Judge rules drug distributers not liable for opioid crisis in West Virginia

CHARLESTON, W.Va. — A federal judge ruled that three of the largest distributors of opioids in the United States can’t be held liable for the crisis the drugs created in a West Virginia city and county.

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Cabell county and the city of Huntington had argued that McKesson, AmerisourceBergen and Cardinal Health should be liable for the opioid crisis because they ignored evidence that the medications were being used illegally, The Wall Street Journal reported. The plaintiffs had asked for more than $1 billion in damages.

In his ruling, Judge David Faber said that “The opioid crisis has taken a considerable toll on the citizens of Cabell County and the City of Huntingdon. And while there is a natural tendency to assign blame in such cases, they must be decided not based on sympathy, but on the facts and the law,” WSAZ reported. The judge argued that causation wasn’t proven in the case, and that there was only one case of “pharmacy-level diversion,” according to WSAZ.

While plaintiffs had argued that the companies brought more than 127 million painkillers into the county’s pharmacies, Judge Faber said there was no evidence the companies failed to put “effective controls” in place, Bloomberg reported.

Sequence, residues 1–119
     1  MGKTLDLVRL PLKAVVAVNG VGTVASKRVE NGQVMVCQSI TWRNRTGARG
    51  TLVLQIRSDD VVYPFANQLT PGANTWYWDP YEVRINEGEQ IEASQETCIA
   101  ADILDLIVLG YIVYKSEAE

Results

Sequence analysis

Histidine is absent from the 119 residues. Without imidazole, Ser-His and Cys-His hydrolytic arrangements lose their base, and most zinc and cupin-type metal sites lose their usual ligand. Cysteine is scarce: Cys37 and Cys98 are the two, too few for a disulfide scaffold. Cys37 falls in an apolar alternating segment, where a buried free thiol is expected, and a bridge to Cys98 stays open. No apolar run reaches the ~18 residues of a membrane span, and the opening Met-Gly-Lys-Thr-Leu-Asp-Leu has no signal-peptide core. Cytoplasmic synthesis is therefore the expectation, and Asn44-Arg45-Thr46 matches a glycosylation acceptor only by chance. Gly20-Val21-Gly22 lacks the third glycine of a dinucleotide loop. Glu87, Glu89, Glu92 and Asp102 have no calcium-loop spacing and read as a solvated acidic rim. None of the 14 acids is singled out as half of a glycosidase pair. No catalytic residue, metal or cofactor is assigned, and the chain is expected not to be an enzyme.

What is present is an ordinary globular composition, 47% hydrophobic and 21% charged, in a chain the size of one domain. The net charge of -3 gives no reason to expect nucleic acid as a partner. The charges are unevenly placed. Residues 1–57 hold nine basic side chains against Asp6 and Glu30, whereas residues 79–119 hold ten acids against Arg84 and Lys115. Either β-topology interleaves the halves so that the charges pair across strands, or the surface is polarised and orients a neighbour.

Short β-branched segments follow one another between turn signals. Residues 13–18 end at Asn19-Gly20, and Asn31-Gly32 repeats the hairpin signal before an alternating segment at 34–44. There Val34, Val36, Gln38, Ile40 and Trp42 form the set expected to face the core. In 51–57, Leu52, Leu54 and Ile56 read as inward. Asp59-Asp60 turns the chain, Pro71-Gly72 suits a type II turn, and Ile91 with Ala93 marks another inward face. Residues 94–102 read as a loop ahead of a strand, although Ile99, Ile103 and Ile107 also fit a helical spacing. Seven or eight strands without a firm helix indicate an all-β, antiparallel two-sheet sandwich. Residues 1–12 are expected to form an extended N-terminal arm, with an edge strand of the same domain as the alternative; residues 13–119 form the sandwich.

The judge argued that doctors overprescribing the medications, pharmacists dispensing excessive prescriptions and diverting the drugs to illegal uses were all “intervening causes beyond the control of the defendants,” The Wall Street Journal reported.

West Virginia’s attorney general opted out of a national settlement with the same distributors, with the addition of Johnson & Johnson, for $21 billion, Bloomberg reported. At the time, West Virginia lawmakers argued that the settlement did not provide enough for local governments dealing with the crisis.

“Pharmaceutical distributors like AmerisourceBergen have been asked to walk a legal and ethical tightrope between providing access to necessary medications and acting to prevent diversion of controlled substances,” Gabriel Weissman, a company spokesman, said to Bloomberg in a statement. “Today’s ruling will help enable our company to do what we do best – ensuring that health care facilities like hospitals and community pharmacies have access to the medications that patients and care providers need.”

In a statement to Bloomberg, McKesson officials said they maintain “strong programs designed to detect and prevent opioid diversion within the pharmaceutical supply chain.”

In a statement, Huntington mayor Steve Williams told The Wall Street Journal he was disappointed in the ruling, saying, “These companies were part of a powerful industry responsible for fueling the epidemic here in Huntington and across the country.”

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